The U.S. will benefit substantially more from a major EU-U.S. trade deal, which the two parties are set to start negotiating, according to a research paper released on Monday.
Done by University of Munich economic researchers under the Ifo Institute, the paper argues that trade reforms between the EU and the U.S. will result in diminished intra-European trade, and lesser EU trades with other countries, such as developing nations in emerging markets.
In the U.S., per capita income could rise about 13.4 percent, if a comprehensive deal is struck, which abolishes trade barriers broadly, instead of simply removing tariffs, according to the paper.
“The U.S. gains substantially more than the EU,” according to the paper’s concluding summary. Ulrich Schoof, a project manager for the foundation commissioning the study, said this was partly because the U.S. won’t suffer from reduced domestic trade.
Still, a comprehensive trade agreement will boost wages and create jobs, according to the report. Europe is set to benefit, with hard-hit southern European economies, such as those in Italy and Portugal, benefiting more than average.
But according to a news release by the Bertlesmann Foundation, which commissioned the report, a potential EU-U.S. free-trade zone with 800 million inhabitants could cut income and employment in the rest of the world.
Canada, Mexico and Japan, traditional U.S. trading partners, would be especially hurt. “Additional losers would include developing countries, especially in Africa and central Asia,” according to the release.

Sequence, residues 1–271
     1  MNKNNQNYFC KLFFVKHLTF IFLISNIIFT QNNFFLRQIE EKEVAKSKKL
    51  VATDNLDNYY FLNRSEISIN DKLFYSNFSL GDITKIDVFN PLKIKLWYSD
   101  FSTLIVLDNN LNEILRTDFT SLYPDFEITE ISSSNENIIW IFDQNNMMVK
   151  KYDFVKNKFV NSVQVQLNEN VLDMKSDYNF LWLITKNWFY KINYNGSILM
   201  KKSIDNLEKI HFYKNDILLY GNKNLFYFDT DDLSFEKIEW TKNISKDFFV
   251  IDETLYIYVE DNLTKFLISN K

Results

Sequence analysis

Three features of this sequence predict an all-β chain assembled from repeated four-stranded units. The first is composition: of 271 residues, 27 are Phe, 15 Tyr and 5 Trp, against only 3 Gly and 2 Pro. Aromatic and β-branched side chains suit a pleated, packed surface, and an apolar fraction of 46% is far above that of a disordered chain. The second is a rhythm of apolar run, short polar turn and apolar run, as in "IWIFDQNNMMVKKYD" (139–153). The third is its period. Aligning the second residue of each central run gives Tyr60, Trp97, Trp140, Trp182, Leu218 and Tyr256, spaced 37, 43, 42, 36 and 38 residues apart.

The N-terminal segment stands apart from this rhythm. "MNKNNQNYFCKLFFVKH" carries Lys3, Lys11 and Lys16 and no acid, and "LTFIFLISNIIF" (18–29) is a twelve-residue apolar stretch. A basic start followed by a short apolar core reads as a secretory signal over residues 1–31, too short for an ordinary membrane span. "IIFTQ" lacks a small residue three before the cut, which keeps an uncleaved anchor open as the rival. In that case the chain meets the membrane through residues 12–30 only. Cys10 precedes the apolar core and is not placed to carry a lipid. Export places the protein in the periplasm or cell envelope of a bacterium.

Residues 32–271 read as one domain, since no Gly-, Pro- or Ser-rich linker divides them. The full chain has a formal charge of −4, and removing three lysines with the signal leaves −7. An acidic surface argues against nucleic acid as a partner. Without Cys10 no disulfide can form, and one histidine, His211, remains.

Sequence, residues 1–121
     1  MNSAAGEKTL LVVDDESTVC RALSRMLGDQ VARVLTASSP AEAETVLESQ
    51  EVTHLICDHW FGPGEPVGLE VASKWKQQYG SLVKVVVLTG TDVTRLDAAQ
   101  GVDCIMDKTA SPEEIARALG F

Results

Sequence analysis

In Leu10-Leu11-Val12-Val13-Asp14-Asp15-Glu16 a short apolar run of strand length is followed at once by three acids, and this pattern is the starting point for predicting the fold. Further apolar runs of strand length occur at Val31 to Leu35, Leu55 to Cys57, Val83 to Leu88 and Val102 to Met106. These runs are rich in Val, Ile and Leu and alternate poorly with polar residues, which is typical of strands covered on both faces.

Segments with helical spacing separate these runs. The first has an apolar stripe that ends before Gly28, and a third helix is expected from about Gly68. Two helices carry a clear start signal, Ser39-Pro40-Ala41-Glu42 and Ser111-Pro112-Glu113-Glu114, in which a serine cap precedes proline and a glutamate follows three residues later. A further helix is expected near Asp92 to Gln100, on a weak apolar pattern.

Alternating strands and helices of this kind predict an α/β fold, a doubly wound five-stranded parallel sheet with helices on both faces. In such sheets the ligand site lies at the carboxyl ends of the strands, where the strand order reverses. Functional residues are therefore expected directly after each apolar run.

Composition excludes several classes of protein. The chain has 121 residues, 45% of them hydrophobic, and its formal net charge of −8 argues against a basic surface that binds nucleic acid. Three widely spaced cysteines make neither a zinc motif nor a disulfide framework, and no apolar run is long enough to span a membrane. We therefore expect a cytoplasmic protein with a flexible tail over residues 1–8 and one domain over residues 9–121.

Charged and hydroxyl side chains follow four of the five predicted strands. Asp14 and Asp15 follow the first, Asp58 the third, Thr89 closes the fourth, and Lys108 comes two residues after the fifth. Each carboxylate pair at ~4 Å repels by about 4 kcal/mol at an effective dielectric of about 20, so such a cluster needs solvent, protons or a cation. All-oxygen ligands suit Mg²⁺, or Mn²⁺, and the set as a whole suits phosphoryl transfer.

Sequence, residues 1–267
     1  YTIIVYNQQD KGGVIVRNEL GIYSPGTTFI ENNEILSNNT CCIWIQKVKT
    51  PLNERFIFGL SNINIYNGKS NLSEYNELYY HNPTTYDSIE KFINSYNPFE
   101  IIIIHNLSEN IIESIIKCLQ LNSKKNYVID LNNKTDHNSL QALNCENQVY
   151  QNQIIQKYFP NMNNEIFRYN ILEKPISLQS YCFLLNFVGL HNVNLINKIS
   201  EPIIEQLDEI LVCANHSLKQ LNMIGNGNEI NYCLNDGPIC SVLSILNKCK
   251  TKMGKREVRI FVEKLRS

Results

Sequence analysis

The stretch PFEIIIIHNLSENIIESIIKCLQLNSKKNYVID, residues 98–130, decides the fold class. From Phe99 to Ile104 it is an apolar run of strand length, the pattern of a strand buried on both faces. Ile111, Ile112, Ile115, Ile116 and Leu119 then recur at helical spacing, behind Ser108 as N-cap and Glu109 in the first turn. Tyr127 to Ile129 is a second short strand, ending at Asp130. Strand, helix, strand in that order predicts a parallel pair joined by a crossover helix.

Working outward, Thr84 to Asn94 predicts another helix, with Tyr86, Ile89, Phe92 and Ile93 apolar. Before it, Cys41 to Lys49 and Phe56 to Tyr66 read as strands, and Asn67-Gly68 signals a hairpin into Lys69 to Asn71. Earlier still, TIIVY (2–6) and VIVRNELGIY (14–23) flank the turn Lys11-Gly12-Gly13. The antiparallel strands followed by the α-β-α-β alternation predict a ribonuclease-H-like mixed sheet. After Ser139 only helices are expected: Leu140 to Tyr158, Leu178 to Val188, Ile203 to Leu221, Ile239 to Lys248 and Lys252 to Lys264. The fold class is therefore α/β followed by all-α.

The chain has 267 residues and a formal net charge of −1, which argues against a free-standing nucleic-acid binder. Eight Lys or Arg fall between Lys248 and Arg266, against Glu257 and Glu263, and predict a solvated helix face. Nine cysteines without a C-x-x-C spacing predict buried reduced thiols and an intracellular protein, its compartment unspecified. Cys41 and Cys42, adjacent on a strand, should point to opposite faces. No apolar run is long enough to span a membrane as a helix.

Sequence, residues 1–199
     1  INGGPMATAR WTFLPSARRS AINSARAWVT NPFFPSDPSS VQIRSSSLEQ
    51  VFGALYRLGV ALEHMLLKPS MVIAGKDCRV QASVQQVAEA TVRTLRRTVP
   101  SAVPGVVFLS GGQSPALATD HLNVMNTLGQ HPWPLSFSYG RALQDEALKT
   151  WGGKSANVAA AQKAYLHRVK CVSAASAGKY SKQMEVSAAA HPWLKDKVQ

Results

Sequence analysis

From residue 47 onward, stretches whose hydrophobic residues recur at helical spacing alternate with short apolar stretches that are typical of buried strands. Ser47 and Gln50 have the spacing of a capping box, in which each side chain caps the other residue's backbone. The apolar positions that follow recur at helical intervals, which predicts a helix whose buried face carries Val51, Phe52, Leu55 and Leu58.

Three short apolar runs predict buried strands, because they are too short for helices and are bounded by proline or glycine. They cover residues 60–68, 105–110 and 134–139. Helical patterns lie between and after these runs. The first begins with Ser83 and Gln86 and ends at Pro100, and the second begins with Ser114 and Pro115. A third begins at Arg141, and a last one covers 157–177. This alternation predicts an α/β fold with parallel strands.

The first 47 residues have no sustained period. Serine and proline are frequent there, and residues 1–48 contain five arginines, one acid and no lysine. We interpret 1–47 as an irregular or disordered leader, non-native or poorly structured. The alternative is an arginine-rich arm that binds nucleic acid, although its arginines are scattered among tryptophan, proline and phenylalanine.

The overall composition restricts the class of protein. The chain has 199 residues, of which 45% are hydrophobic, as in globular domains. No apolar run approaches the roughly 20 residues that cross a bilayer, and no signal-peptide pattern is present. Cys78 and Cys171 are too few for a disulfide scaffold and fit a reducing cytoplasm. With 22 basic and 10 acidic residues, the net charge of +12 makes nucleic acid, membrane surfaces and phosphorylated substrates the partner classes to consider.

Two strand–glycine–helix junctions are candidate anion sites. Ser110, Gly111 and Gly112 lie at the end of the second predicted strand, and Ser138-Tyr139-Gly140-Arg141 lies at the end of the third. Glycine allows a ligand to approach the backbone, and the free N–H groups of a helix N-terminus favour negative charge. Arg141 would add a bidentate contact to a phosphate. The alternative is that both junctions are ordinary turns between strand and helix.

In the EU, real income per capita could rise almost 5 percent on average, with the U.K. benefiting the most, at double that level of growth.
Schoof, from the Bertelsmann Foundation, said the report is the first to analyze the impact of a potential trade deal on more than simply the EU and the U.S., since it estimates outcomes in 126 countries.
He said that while diminishing intra-EU trade may not have a major economic downside, it could have political ramifications, weakening European unity.
“It is politically maybe a problem, because the single domestic market was an important binding instrument for European integration,” he said. “If that trade is reduced, then of course this instrument is weakened to some extent.”
More information on the study can be found here.
Nat Rudarakanchana covers commodities and companies for the International Business Times. He is especially interested in precious metals, the food and drink industry, and...